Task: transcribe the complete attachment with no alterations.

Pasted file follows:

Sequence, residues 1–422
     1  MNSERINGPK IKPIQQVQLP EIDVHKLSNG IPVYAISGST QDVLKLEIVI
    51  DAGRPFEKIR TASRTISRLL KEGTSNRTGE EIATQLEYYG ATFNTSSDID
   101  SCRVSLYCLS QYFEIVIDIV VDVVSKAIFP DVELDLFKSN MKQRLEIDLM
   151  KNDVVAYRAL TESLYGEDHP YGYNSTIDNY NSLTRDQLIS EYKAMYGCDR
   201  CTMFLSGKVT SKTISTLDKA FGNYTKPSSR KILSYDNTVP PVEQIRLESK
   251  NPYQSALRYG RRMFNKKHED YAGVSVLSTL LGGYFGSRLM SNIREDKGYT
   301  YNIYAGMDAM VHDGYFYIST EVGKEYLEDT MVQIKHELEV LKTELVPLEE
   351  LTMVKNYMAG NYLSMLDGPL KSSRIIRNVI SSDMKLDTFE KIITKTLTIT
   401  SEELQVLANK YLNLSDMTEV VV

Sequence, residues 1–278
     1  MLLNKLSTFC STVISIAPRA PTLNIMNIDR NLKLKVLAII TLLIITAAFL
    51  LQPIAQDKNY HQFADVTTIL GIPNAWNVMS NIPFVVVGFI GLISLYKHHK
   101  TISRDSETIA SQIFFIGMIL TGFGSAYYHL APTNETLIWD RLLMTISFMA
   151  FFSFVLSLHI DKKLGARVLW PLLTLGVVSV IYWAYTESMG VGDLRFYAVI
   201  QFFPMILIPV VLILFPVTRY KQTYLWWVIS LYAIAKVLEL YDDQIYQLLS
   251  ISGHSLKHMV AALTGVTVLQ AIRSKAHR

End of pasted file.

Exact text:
Sequence, residues 1–422
     1  MNSERINGPK IKPIQQVQLP EIDVHKLSNG IPVYAISGST QDVLKLEIVI
    51  DAGRPFEKIR TASRTISRLL KEGTSNRTGE EIATQLEYYG ATFNTSSDID
   101  SCRVSLYCLS QYFEIVIDIV VDVVSKAIFP DVELDLFKSN MKQRLEIDLM
   151  KNDVVAYRAL TESLYGEDHP YGYNSTIDNY NSLTRDQLIS EYKAMYGCDR
   201  CTMFLSGKVT SKTISTLDKA FGNYTKPSSR KILSYDNTVP PVEQIRLESK
   251  NPYQSALRYG RRMFNKKHED YAGVSVLSTL LGGYFGSRLM SNIREDKGYT
   301  YNIYAGMDAM VHDGYFYIST EVGKEYLEDT MVQIKHELEV LKTELVPLEE
   351  LTMVKNYMAG NYLSMLDGPL KSSRIIRNVI SSDMKLDTFE KIITKTLTIT
   401  SEELQVLANK YLNLSDMTEV VV

Sequence, residues 1–278
     1  MLLNKLSTFC STVISIAPRA PTLNIMNIDR NLKLKVLAII TLLIITAAFL
    51  LQPIAQDKNY HQFADVTTIL GIPNAWNVMS NIPFVVVGFI GLISLYKHHK
   101  TISRDSETIA SQIFFIGMIL TGFGSAYYHL APTNETLIWD RLLMTISFMA
   151  FFSFVLSLHI DKKLGARVLW PLLTLGVVSV IYWAYTESMG VGDLRFYAVI
   201  QFFPMILIPV VLILFPVTRY KQTYLWWVIS LYAIAKVLEL YDDQIYQLLS
   251  ISGHSLKHMV AALTGVTVLQ AIRSKAHR